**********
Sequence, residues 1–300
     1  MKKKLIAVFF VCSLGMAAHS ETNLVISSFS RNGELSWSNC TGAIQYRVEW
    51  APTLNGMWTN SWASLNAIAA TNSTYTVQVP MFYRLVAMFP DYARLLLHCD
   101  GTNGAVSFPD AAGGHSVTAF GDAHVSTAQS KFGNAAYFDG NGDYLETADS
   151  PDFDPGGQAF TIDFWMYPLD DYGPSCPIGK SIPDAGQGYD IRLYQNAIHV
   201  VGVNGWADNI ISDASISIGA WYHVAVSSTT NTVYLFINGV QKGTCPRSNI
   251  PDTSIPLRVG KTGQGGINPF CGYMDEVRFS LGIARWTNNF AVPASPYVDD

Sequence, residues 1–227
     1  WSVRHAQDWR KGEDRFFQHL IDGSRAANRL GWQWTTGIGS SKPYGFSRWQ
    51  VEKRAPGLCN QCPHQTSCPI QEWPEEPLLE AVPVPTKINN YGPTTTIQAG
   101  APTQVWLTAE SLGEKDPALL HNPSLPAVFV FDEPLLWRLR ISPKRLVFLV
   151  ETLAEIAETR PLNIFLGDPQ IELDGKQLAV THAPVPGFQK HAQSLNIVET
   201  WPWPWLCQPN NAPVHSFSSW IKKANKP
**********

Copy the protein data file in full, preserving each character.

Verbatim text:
Sequence, residues 1–300
     1  MKKKLIAVFF VCSLGMAAHS ETNLVISSFS RNGELSWSNC TGAIQYRVEW
    51  APTLNGMWTN SWASLNAIAA TNSTYTVQVP MFYRLVAMFP DYARLLLHCD
   101  GTNGAVSFPD AAGGHSVTAF GDAHVSTAQS KFGNAAYFDG NGDYLETADS
   151  PDFDPGGQAF TIDFWMYPLD DYGPSCPIGK SIPDAGQGYD IRLYQNAIHV
   201  VGVNGWADNI ISDASISIGA WYHVAVSSTT NTVYLFINGV QKGTCPRSNI
   251  PDTSIPLRVG KTGQGGINPF CGYMDEVRFS LGIARWTNNF AVPASPYVDD

Sequence, residues 1–227
     1  WSVRHAQDWR KGEDRFFQHL IDGSRAANRL GWQWTTGIGS SKPYGFSRWQ
    51  VEKRAPGLCN QCPHQTSCPI QEWPEEPLLE AVPVPTKINN YGPTTTIQAG
   101  APTQVWLTAE SLGEKDPALL HNPSLPAVFV FDEPLLWRLR ISPKRLVFLV
   151  ETLAEIAETR PLNIFLGDPQ IELDGKQLAV THAPVPGFQK HAQSLNIVET
   201  WPWPWLCQPN NAPVHSFSSW IKKANKP